So a PHEV20 (one with a 20-mile range running only on electricity) might have a battery capacity 7 kwh, and get a $3700 tax credit. The Chevy Volt is supposed to be 40-mile electric range and get about $6500.
- Section 254 (page 114) has a geothermal heat pump tax credit up to $2000 and Section 282 (page 168) has a 2-year accelerated depreciation period for geothermal systems.
- Title IV, Subtitle B “Coal-to-Liquid” (page 191) is a tad confusing, but it doesn’t look to me like it’s going to jumpstart the industry, since it requires carbon capture and storage and requires lifecycle greenhouse gas emissions from liquid coal to be no greater than that from conventional petroleum — a very high bar to jump.
- Subtitle C “Nuclear Power” (page 203) has a bad provision that says the Secretary of Energy “shall begin construction of a spent fuel recycling research and development facility not later than 1 year after the date of enactment of this Act.” Recycling is of course a euphemism for reprocessing.
- Subtitle D “Tax Provisions” (page 218) has a short section on enhanced oil recovery that I think is the worst provision in the bill.
Download the full draft.
- Expansion of OCS leasing to include areas off the coasts of the Carolinas, Virginia and Georgia, and possibly the eastern Gulf of Mexico as well. A bipartisan Senate plan known informally as the “Gang of 10” proposal would allow drilling in these regions no closer than 50 miles from shore. But House lawmakers and aides did not say how close to shore their plan would allow drilling.
- New revenues from oil companies. A Democratic leadership aide said the bill may include provisions to ensure payment of royalties from late-1990s deepwater Gulf of Mexico leases that currently allow royalty waivers regardless of energy prices. The absence of price-based limits on these royalty waivers could cost the Treasury as much as $14.7 billion over 25 years, according to the Government Accountability Office. The bill may also include the repeal of the Section 199 tax deduction for major oil companies. This plan, past versions of which have also frozen the deduction at 6 percent for non-majors, raises roughly $13.6 billion over a decade, the Joint Committee on Taxation estimated in June.
- A so-called renewable electricity standard that requires utilities to supply escalating amounts of power from sources like wind and geothermal power. The House Democrats plan to include a standard of 15 percent by 2020, an aide said, akin to a measure the House approved last year that did not survive negotiations with the Senate. The plan allows roughly a fourth of the standard to be met with efficiency measures.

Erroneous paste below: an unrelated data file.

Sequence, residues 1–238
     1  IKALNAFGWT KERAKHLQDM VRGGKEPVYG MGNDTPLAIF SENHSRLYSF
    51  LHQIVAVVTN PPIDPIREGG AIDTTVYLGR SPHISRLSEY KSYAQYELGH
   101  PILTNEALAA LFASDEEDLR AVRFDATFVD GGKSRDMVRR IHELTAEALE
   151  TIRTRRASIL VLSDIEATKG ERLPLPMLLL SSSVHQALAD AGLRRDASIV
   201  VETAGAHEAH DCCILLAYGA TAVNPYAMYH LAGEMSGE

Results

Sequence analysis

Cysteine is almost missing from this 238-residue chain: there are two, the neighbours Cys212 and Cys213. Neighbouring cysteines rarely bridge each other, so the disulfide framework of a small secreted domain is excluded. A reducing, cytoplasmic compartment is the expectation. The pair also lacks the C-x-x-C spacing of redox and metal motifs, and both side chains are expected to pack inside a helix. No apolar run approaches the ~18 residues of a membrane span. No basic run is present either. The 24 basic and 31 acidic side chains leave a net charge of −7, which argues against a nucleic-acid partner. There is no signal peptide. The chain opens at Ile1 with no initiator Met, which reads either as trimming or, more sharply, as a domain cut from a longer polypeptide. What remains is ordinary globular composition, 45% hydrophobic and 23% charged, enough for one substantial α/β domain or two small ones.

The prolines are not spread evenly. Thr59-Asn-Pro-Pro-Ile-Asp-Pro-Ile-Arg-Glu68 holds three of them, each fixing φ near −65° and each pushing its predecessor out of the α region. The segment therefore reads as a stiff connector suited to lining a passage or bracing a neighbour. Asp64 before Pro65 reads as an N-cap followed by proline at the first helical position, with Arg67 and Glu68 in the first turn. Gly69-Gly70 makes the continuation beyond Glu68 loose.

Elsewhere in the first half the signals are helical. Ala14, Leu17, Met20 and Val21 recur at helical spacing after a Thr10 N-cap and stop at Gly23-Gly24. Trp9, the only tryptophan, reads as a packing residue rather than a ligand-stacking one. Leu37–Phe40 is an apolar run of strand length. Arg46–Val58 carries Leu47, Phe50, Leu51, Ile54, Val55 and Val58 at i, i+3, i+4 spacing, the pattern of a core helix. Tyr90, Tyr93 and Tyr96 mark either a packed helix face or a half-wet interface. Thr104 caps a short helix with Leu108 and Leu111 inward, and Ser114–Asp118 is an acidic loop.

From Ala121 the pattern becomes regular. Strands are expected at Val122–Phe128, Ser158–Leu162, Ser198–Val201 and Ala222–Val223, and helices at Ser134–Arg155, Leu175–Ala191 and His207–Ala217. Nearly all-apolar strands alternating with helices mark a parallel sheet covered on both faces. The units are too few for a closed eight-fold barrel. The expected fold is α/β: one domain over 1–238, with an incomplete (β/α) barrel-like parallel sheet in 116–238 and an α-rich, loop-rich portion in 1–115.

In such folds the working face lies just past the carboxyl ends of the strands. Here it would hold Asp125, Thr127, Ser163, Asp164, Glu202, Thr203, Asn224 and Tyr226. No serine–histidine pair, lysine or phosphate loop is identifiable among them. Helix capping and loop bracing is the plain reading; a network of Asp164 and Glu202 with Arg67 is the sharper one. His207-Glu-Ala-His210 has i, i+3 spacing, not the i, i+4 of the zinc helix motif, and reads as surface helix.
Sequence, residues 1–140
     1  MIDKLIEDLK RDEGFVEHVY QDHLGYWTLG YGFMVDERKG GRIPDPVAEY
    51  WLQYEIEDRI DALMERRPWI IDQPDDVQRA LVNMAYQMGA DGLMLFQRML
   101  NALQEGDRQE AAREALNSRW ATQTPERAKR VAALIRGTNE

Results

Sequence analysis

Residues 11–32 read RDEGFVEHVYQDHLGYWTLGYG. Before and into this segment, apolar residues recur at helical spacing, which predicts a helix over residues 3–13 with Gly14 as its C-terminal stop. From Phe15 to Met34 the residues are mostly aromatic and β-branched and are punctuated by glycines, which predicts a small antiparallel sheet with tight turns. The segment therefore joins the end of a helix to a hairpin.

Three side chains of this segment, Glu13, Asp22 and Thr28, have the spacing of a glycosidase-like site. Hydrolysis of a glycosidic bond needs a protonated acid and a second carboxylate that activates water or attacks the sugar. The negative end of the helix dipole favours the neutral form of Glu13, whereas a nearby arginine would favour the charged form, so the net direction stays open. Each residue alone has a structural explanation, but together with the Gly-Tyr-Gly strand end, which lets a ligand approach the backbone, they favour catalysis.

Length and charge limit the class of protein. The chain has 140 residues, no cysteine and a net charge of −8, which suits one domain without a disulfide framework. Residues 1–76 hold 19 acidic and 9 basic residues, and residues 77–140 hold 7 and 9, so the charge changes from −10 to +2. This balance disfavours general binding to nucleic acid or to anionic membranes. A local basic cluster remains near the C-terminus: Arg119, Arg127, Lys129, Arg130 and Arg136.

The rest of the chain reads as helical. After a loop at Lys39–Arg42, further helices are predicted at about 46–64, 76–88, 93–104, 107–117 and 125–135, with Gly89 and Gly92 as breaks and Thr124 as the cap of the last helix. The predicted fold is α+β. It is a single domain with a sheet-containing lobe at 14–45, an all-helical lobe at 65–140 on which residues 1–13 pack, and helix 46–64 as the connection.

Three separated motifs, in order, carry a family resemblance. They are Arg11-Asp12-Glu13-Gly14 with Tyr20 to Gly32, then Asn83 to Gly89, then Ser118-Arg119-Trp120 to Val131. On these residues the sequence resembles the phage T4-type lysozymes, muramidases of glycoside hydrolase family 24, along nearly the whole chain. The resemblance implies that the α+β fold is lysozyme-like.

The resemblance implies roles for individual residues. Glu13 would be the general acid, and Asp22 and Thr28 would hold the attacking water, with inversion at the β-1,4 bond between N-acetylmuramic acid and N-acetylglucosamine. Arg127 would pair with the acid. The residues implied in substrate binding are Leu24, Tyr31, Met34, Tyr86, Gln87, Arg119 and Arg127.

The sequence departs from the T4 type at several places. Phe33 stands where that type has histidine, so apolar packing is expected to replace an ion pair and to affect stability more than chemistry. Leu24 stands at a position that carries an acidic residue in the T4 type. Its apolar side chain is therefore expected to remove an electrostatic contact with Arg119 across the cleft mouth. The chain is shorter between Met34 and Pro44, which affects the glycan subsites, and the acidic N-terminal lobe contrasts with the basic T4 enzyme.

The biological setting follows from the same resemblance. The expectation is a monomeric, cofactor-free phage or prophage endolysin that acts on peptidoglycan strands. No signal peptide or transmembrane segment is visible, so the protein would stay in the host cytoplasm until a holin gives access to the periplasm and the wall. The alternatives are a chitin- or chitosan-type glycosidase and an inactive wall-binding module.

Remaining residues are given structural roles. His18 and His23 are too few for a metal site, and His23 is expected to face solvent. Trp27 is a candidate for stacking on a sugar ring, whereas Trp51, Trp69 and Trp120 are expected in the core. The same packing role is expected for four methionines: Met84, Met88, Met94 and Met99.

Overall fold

- Extension of renewable energy and energy efficiency tax credits.
This could also be part of an economic stimulus package being prepared or the continuing resolution to extend government spending beyond the Sept. 30 end of the fiscal year, she said.
Top House Democrats say that shortly after Congress reconvenes, they will put on the floor a piece of legislation that will include an expansion of offshore drilling but also a renewable electricity mandate, energy-efficiency standards for buildings and oil industry tax provisions.
Rep. Ed Markey (D-Mass.) described the plan as “a political reverse takedown on the Republicans,” by calling the GOP bluff on their calls for an “All of the Above” energy agenda. David Sandalow, an adviser to Sen. Barack Obama (D-Ill.), told E&E News: “We’ll see whether the proponents of all of the above can take yes for an answer.”
Renewable electricity standards, building efficiency standards, and oil tax provisions have repeatedly passed the House over Republican opposition, but have died in Republican filibusters in the Senate.The legislative plan will represent a compromise from the agendas of the various national lobbying campaigns by outside organizations:
- Al Gore’s We Campaign’s call for a 100% renewable electricity standard by 2018;
- Newt Gingrich’s American Solutions For Winning the Future’s call for expanded drilling;
- T. Boone Pickens’ call for new grid development, tax incentives for wind and solar, and subsidies for natural gas;
- The coal industry’s American Coalition for Clean Coal Electricity’s call for increased advanced coal technology subsidies.
On a lighter note, as Open Left’s Matt Stoller found, the people employed by ACCCE to spread the “clean coal” message in Denver weren’t necessarily all up to speed.
From the Wonk Room.President Bush exploited this morning’s press briefing on the “follow-up efforts” to Hurricane Gustav to attack Congress about lifting the offshore drilling moratorium. Stating that “what happens after the storm passes is as important as what happens prior to the storm arriving,” he made the declaration that “our discussion here today is about energy.” Bush wasn’t referring to the 1.4 million Louisianans who have lost power due to the storm’s destructive force, and chose not to mention the 102 deaths caused by Gustav. Instead, he went on the attack:
I know that Congress has been on recess for a while, but this issue hasn’t gone away. And, uh, this storm should not cause members of Congress say well, we don’t need to address our energy independence. It ought to cause the Congress to step up their need to address our dependence on foreign oil. And one place to do so is to give us a chance to explore in environmentally friendly ways on the Outer Continental Shelf.Watch it: